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Chapter 6

How Congress is Organized

Terms of Congress
The Framers of the Constitution intended the legislative branch to be the most powerful. Each term starts January 3 of odd-numbered years and last two years. Each term has two sessions. Census- population count taken by the Census Bureau The House of Representatives has 435 voting members.

Terms of Congress
Constituents- people represented Gerrymander- oddly shaped district designed to increase the voting strength of a particular group. The Senate has 100 members-two from each state. Senators serve six year terms Speaker of the House- the most powerful leader in the House of Representatives. If something happens to the President and the Vice President, the Speaker becomes President.

Congressional Leaders
Majority Party- political party to which more than half the members are in both houses Minority Party- political party that has less than half the members in both houses Standing Committees- committees that work from session to session dealing with specialized issues. Select Committees- created to do a special job for a limited period.

Congressional Leaders
Joint Committees- include members of both houses Members of Congress try to get assigned to important committees that affect the people who elected them. Seniority- years of service Members with the most seniority usually get the preferred committee spots. Chairpersons of the standing committees are the most powerful members of Congress.

Legislative Powers
Expressed Powers- Congresss specific powers Implied Powers- powers not stated specifically that allow Congress to do what is necessary and proper All tax bills must start in the House of Representatives and be approved by the Senate. Authorization Bills- creates projects and sets an amount to be spent on them Appropriations Bills- provides the money for each program. Congress must approve all spending.

Nonlegislative Powers
Congress has the powers not related to making laws. It proposed amendments, counts electoral votes, and decides what to do if a President cannot perform his/her duties. Impeach- accuse officials of misconduct A two-thirds vote in the Senate is required to remove the person from office.

Limits on Power
Congress may not pass laws that violate the Bill of Rights Writ of habeas corpus- a court order that requires police to explain why they are holding a suspect. Bills of attainder- laws that punish a person without a jury trial Ex post facto laws- make an act a crime after the act has been committed

Requirements and Benefits of Congress


Both Senators and members of the House must live in the state they represent. Senators must be at least 30 years old and have been citizens of that state for at least nine years. House members must be at least 25 years old and a citizen of that state for at least 7 years. Members receive a salary of $150,000, free office space, and trips to their home states.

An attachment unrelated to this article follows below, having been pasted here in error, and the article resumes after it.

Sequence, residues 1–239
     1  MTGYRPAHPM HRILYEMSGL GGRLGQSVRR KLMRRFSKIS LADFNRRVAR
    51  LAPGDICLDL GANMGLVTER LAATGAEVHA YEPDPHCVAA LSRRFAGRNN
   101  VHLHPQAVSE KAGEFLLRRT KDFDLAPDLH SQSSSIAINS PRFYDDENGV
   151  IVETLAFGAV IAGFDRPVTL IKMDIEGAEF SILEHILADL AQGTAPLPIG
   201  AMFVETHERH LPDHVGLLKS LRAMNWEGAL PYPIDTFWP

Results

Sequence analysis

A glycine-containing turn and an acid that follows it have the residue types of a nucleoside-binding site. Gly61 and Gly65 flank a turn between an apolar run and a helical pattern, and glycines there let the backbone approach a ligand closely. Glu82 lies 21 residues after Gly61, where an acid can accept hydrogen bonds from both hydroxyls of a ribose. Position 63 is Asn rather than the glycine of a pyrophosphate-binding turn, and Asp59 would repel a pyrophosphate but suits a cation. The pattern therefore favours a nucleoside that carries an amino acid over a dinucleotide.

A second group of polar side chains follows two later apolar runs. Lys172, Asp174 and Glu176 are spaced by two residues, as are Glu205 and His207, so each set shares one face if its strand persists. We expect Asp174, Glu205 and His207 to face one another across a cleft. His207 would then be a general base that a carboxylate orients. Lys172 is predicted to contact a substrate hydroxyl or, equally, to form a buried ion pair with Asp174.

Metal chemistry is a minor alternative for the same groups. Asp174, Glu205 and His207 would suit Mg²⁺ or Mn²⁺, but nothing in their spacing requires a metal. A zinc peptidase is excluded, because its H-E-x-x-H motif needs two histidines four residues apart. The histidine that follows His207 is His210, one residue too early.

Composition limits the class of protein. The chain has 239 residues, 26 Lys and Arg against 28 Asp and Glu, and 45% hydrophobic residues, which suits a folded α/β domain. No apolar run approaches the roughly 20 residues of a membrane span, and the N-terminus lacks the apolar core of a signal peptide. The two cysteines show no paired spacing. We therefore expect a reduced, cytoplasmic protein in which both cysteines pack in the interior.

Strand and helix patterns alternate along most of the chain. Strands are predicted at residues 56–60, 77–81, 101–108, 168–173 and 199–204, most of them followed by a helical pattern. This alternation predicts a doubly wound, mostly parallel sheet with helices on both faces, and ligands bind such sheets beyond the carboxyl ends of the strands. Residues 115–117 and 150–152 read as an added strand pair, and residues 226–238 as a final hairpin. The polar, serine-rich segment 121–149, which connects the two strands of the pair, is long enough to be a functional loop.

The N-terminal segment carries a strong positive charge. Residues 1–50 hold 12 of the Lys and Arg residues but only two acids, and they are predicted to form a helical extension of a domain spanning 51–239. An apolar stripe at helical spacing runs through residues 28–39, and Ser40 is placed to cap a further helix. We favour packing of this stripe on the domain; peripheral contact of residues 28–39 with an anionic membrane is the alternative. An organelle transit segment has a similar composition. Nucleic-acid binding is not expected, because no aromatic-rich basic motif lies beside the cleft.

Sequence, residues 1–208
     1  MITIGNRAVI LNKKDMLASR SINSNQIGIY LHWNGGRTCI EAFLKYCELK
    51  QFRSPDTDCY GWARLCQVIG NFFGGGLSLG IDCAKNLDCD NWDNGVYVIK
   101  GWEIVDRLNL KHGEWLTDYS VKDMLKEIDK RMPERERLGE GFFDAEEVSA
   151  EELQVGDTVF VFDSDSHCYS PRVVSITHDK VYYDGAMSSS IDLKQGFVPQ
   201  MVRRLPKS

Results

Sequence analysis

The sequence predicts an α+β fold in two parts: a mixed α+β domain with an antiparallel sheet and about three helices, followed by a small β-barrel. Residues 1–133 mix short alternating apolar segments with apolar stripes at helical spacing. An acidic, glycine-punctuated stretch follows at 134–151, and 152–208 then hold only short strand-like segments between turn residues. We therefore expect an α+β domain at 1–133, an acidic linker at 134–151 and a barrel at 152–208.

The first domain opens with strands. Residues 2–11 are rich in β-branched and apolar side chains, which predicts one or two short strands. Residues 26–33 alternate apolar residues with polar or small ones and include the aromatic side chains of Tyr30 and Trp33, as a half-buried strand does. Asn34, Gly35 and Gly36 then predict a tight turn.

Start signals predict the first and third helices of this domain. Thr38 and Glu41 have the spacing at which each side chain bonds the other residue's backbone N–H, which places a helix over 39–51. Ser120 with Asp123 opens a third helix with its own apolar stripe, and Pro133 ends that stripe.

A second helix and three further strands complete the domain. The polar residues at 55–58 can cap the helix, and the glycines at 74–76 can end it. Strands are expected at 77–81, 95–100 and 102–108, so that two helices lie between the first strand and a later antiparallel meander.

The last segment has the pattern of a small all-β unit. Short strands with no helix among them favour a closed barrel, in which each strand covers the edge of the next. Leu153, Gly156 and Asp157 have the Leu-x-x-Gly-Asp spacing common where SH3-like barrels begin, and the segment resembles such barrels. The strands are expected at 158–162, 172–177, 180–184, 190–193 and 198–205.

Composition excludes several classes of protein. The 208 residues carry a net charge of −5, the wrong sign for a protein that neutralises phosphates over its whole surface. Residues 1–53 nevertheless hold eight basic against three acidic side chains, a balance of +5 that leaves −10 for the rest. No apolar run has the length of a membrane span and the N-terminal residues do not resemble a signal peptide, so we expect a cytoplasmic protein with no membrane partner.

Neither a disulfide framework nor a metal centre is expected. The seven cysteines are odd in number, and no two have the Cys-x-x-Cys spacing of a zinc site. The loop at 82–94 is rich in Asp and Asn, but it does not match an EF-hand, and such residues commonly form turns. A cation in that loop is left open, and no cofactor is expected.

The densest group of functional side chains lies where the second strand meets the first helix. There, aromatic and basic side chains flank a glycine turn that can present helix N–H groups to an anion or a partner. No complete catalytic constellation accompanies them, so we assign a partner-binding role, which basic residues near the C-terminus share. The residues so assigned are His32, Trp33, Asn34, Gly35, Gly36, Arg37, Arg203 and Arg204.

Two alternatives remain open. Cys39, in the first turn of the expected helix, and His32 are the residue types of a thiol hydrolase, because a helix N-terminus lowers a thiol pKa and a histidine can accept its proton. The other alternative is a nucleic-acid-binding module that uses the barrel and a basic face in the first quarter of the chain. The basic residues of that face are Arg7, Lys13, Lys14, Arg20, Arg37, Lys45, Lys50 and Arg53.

How a Bill Becomes a Law


Private Bills- concern individual people or places Public Bills- apply to the entire nation and involve general matters like taxation, civil rights, and terrorism. Joint Resolutions- passed by both houses of Congress and do become law if signed by the President.

From Bill to Law


Special-interest groups- organizations of people with some common interest who try to influence government decisions. Only senators and representatives may introduce bills in Congress. Every bill is given a title and number, and is then sent to an appropriate standing committee. The committee chairperson decides which bill gets ignored and which get studied.

From Bill to Law


Standing committees can 1) pass the bill without change, 2) mark changes and suggest that the bill be passed, 3) replace the bill with an alternative, 4) pigeonhole the bill (ignore it and let it die), or 5) kill the bill by majority vote. Bills approved in committee are put on the schedules to be considered by the full House or Senate.

From Bill to Law


Riders- completely unrelated amendments Filibuster- talk a bill to death Voice Vote- those in favor say Yea and those against say No. Standing Vote- those in favor stand to be counted, then those against stand. Roll-Call Vote- Senators voice their votes as officials record them.

From Bill to Law


A simple majority of members must pass a bill Both houses must pass an identical bill. If either changes the bill it receives from the other house, a conference committee is formed to work out the differences. Veto- refuse to sign a bill Pocket Veto- Presidents power to kill a bill, if Congress is not in session, by not signing it for 10 days.